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Do more shots mean better results?

Oscar ponders the same question
Oscar ponders the same question

There was much talk of Chelsea's relatively unconvincing performance in the opener against Wigan, and much of it seemed to be the same as after our last game of the past season in Munich. Chelsea won both contests despite being outshot by a good margin in each. That seems to worry some fans, while others seemed less than concerned.

This got me thinking though, is there a correlation between the number of shots a team takes and the number of points that team can expect to gain from a fixture? There were ten fixtures in the opening weekend of Premier League action, so I decided to look at just how shots correlated with points. After the jump you'll find a graph which displays what I've found.

First, a caveat. This is only one week worth of data, so there are certainly sample size issues to deal with here. With that in mind, here's the graph:


Interesting, no? There doesn't appear to be any correlation between the number of shots a team takes and the results that they can expect to achieve. In that regard, it doesn't appear to be that worrying that Chelsea manged only six shots to fifteen for Wigan.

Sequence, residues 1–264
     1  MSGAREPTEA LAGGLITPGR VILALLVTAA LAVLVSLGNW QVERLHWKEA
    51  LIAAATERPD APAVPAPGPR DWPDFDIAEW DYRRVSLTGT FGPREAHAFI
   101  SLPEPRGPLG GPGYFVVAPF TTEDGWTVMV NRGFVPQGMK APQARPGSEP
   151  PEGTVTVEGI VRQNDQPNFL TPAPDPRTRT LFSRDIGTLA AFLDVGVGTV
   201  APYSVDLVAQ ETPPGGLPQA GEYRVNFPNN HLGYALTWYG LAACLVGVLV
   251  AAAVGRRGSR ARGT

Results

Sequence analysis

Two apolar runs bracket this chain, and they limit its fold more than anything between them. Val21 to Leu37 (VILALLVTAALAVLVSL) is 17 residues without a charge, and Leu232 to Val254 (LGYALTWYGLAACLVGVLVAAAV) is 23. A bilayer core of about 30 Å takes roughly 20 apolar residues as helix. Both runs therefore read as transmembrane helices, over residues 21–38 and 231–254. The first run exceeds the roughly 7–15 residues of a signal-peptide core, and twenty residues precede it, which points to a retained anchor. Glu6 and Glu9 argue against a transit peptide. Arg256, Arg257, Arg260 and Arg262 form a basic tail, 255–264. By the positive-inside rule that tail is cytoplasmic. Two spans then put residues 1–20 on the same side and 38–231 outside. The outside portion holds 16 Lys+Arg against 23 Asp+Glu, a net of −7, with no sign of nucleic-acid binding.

Let's take this a bit further though. What happens if we replace total shots taken with shots on target? It's an easy adjustment, so here's that graph:


This time, it appears we have a bit of a pattern beginning to develop. Teams that put more shots on target tend to get better results than teams with less shots on target. It looks like a pretty clear correlation, and most of the dips in that line happen to be teams that had less shots on target than their opponents for that particular match.

While some fans are a bit alarmed at the number of shots Chelsea allowed on Sunday, They really shouldn't be. As long as the quality of those shots remains generally poor, Chelsea should really encourage their opponents to just shoot away from distance. These shots don't seem to be an issue until they start to reach the keeper with some regularity, and that wasn't a huge issue in the opener.

Sitting deep and counterattacking shouldn't be a huge issue either, as long as Chelsea continue to be efficient when they do get shots. They put 67% of their shots on target this weekend, by far the best rate in the league. Taking more shots would certainly be useful, but not if it comes at the expense of some of the quality they are getting at the moment.

All told, this probably doesn't mean much after a single week of fixtures. It's worth keeping an eye on though, as the "experts" often associate more shots in total with the better team on the day. Statistically speaking, the first week's results just don't back that up.

*Note: This was written and scheduled before the Reading game today, so the results of that game weren't factored into the data. For what it's worth, Chelsea outshot Reading and had more of those shots go on target.

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